This undated photo released by Netflix shows South Korean cast members, from left, Park Hae-soo, Lee Jung-jae and Jung Ho-yeon in a scene from “Squid Game.” THE CANADIAN PRESS/AP-Youngkyu Park/Netflix via AP

This undated photo released by Netflix shows South Korean cast members, from left, Park Hae-soo, Lee Jung-jae and Jung Ho-yeon in a scene from “Squid Game.” THE CANADIAN PRESS/AP-Youngkyu Park/Netflix via AP

‘Squid Game’ causing fear on Canadian playgrounds

Parents and school officials concerned hit Netflix show’s violence being mimicked in schoolyards

The massive popularity of the Netflix series “Squid Game,” which features adults playing children’s games turned deadly, has led to fears among Quebec parents and school boards that the violence is being mimicked on school playgrounds.

Guillaume Taillon-Chretien said his eight-year-old daughter came home one evening this month visibly shaken up, afraid to return to school. “She told me older kids were playing the games from ‘Squid Game,“’ said Taillon-Chretien, whose daughter is in Grade 3 at an elementary school in Massueville, northeast of Montreal.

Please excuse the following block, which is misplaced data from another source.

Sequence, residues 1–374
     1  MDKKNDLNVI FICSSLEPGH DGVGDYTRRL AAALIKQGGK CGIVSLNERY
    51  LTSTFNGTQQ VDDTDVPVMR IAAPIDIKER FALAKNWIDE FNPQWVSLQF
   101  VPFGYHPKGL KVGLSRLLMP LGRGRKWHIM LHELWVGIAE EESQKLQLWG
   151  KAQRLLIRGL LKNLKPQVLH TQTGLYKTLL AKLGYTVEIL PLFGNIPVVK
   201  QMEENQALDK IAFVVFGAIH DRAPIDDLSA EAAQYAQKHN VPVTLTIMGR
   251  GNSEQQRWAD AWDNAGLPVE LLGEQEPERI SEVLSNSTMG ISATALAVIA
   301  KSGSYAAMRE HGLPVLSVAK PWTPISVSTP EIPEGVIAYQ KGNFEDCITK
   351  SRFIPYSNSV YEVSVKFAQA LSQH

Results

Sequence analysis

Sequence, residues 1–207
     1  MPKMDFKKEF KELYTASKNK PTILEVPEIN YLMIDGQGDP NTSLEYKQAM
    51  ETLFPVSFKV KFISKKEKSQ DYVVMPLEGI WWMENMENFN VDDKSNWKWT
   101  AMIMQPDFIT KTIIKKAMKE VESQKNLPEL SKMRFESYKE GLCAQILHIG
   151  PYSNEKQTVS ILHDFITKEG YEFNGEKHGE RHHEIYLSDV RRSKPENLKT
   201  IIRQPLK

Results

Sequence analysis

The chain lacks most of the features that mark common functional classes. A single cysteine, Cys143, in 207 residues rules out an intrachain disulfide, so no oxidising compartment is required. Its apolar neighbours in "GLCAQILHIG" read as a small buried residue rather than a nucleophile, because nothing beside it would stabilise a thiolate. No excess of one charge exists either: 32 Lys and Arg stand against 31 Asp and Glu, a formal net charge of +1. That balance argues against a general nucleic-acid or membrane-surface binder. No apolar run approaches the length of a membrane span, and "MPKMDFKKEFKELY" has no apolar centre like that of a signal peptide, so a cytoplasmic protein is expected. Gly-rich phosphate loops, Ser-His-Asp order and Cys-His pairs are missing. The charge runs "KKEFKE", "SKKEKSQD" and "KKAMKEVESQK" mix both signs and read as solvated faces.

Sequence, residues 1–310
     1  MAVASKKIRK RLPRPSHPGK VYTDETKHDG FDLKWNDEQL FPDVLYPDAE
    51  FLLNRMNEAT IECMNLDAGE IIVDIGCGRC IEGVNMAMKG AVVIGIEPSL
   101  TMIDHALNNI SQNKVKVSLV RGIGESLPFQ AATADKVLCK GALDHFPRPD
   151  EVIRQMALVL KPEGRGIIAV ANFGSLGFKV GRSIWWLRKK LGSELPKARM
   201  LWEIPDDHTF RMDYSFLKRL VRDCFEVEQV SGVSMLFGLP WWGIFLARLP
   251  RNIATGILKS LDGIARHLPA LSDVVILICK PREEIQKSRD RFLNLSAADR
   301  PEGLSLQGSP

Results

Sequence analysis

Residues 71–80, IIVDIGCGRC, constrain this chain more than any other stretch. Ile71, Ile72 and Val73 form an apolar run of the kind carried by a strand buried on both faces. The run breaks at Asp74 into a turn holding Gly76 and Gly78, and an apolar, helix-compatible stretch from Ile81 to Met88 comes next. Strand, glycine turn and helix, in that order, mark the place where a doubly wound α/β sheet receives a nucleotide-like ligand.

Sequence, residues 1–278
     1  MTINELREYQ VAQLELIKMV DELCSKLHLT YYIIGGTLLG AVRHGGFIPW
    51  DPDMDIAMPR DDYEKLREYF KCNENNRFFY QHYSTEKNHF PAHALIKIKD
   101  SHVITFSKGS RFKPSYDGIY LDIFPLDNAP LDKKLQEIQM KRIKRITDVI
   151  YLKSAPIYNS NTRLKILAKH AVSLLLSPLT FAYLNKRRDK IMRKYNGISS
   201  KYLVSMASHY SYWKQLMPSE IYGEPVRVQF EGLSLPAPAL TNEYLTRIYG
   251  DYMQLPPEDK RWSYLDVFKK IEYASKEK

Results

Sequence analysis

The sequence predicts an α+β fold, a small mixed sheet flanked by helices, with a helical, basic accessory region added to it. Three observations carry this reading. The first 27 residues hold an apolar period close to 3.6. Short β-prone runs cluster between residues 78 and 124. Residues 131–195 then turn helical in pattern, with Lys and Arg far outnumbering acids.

He said the series is “absolutely not suited” for young children, but one girl in the school was playing the role of a doll who determines which characters die. “And she was reproducing it, reproducing when they get shot, lying face on the ground,” he said.

Several school boards in the province have recently issued statements warning parents about students imitating the games on playgrounds. The South Korean series features 456 desperate, indebted adults fighting each other to the death for a chance to win a prize worth roughly $48 million.

The show is rated for mature audiences only, and schools from Australia to the United Kingdom are reportedly asking parents to make sure their kids don’t watch it following reports of “Squid Game” play at recess.

Montreal psychologist Nadia Gagnier said that for young children, parents provide the most influence and guidance. She said stopping children from watching “Squid Game” isn’t enough parents should discuss the phenomenon as a way to reassure their children and build trust.

“Everybody is talking about it, so pretending nothing is happening, I don’t think it’s the best approach,” Gagnier said.

— The Canadian Press

RELATED: ‘Squid Game’ strikes nerve in debt-ridden South Korea

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